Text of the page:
Hi all, before I start, I quickly want to do some admin. On M-day (15 April), I will be doing a post on how I draw maps. At first, I thought of redrawing my map, but then I realized that that would be reinventing the wheel.
So! Any fantasy writers out there who lack the artistic skill/desire to draw a map can contact me at mishagericke(AT)gmail(DOT)com. Just make sure that you have MAP as your topic so that I can enter you into the draw randomly. Please note, it's for e-mail entries only. No comments to the effect please, as I don't want to struggle with making contact with the winner on the eighth.
OK... admin done...
Let's start with A-Day.
Most people start writing in school with those dratted 100 word essays and projects. Most people don't enjoy it, but there are always the exception. Writers.
We fortunate few love writing and burst onto new ideas and stories with indescribable passion.
We fall in love with the story idea. We love and hate characters. We build scenarios and stories.
And... then we realize that it sucks.
Or that there's a plot hole so massive that it is easier to stop writing than to go back to fix it.
Or (my personal worst), we lose that spark that makes us want to finish the novel.
What happens then? Well... Sometimes we fight for it, trying our best to salvage the story we loved once. Other times, we give up and store away the idea/story for later or forever.
A waste of time, right?
Oh so very very wrong. You see, there was a time that you loved writing your story. It made you happy. That alone makes sure that your time spent writing the ms can never be seen as a waste.
Then, there's the fact that nothing you've written goes away. It's there for as long as you keep it. In my opinion, that makes it an asset. You can still draw value out of that ms if you work at it long enough. Didn't you do research for that story that you could use for another, better story? Didn't you work out the characterisation/world rules that you can use in a new, shiny version of the book you binned? Isn't there a scenario that you created in that book that sparks a better idea? Or would that plot hole not be easier solved by writing a prequel?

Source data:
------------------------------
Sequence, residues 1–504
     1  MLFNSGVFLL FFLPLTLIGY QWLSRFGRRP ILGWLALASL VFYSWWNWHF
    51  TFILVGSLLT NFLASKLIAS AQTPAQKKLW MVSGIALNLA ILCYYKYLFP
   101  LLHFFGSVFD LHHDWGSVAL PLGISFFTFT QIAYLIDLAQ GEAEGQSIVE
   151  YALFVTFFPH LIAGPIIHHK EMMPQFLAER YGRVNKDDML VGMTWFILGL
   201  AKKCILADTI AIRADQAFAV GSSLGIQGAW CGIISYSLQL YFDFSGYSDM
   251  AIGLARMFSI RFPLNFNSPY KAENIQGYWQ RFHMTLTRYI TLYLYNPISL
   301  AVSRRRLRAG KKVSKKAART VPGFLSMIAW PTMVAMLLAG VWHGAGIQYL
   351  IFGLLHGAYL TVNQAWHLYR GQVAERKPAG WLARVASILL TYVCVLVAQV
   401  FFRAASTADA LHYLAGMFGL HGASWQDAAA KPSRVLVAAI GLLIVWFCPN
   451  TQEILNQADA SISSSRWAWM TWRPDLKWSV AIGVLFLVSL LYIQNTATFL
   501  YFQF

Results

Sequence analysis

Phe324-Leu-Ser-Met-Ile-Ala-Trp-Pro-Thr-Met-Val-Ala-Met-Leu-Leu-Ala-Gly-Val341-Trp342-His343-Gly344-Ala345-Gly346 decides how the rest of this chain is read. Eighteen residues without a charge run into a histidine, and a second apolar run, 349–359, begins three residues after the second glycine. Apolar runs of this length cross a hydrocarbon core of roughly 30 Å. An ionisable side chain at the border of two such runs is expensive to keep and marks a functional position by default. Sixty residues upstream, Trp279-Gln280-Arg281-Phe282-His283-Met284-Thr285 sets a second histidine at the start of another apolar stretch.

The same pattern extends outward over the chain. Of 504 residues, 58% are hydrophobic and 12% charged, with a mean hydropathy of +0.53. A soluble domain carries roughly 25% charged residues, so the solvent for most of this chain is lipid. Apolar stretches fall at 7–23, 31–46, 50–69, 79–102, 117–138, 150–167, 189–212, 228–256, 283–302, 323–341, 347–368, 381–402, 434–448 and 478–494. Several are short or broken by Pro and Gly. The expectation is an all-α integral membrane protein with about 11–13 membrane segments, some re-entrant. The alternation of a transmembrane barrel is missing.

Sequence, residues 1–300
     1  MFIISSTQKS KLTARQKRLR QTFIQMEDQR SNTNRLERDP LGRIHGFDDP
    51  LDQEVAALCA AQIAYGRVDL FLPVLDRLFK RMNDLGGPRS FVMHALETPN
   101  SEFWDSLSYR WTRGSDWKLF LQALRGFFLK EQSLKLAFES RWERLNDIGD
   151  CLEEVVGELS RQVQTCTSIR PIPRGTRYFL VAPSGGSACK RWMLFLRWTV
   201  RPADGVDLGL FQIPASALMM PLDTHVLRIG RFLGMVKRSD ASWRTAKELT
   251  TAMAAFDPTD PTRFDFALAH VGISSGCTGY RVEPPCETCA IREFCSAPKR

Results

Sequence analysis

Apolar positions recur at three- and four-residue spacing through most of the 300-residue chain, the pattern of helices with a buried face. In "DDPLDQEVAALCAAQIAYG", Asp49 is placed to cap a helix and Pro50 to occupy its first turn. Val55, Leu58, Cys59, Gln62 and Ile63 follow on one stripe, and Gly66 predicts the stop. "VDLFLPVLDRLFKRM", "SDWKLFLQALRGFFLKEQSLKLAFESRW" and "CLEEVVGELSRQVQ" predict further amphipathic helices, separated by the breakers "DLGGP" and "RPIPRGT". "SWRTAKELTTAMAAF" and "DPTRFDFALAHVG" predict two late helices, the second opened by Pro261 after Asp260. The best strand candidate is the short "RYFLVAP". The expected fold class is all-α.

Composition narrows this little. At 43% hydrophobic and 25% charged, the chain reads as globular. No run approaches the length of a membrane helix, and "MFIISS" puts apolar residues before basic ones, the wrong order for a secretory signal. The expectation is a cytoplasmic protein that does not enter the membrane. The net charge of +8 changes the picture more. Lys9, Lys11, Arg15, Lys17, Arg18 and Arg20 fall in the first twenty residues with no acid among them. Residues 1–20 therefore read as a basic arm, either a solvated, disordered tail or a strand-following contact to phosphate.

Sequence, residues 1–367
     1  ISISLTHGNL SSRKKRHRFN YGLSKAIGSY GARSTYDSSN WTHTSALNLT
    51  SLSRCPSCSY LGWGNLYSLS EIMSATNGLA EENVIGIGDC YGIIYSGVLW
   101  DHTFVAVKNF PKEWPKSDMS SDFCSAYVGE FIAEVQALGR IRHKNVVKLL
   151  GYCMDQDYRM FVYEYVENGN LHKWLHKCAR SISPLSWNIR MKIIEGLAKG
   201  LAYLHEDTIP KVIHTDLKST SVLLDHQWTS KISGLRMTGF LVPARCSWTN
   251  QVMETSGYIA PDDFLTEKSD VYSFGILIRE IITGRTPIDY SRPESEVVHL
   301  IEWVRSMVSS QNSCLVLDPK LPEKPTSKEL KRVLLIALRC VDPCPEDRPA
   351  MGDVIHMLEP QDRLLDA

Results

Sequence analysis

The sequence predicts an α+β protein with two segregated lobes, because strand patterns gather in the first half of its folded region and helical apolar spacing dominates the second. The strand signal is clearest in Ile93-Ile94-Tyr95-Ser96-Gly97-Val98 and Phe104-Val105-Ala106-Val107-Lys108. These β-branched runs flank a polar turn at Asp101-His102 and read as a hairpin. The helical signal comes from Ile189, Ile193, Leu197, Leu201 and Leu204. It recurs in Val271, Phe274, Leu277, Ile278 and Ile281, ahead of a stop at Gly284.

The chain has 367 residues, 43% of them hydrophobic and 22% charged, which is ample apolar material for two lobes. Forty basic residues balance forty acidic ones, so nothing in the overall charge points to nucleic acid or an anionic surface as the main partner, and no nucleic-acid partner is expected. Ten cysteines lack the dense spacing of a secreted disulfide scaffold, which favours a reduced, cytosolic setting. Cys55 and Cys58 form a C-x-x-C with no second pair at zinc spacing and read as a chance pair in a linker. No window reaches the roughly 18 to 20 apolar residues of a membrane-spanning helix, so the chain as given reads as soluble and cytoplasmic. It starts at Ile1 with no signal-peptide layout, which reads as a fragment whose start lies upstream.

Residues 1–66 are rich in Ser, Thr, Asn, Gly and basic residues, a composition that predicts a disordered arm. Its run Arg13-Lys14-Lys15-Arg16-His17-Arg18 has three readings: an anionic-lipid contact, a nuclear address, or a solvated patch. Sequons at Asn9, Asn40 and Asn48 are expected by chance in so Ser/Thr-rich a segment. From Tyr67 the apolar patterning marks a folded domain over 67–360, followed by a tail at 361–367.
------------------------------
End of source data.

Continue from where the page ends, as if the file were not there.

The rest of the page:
Why not? That's the thing about creative minds. We can use anything to inspire a story.
And then, if in the likely event that your story really has nothing to offer you, there is an intangible value to that ms that outstrips everything else:
I believe that writing is one of those few things that you have to teach yourself. Yes, you can go take lessons and ask advice, but whether anything that is said is of application on you, depends only on yourself. Every person's style and method is different. So, the only way to learn the art of writing is by trial and error.
I learned that the number one cause of my stories' souls dying was over-editing first draft. So after I finally decided to learn something from my "failures", I started drafting pen to paper. Kills premature self-edits dead. Guaranteed.
There are hundreds of other things that I learned from previous failed/stopped drafts, but I won't go into them now, because it will probably mean next to about 99% of you.
But I think my point is made. Those ideas you abandoned were not a waste of time. One way or the other, they added value to your life as a writer.
Even if it just opened your mind a little to the possibility of becoming a writer.
That alone, made it invaluable.
So... How many attempts did you go through before hitting on your current idea? Can you think of ways that your old ideas helped you?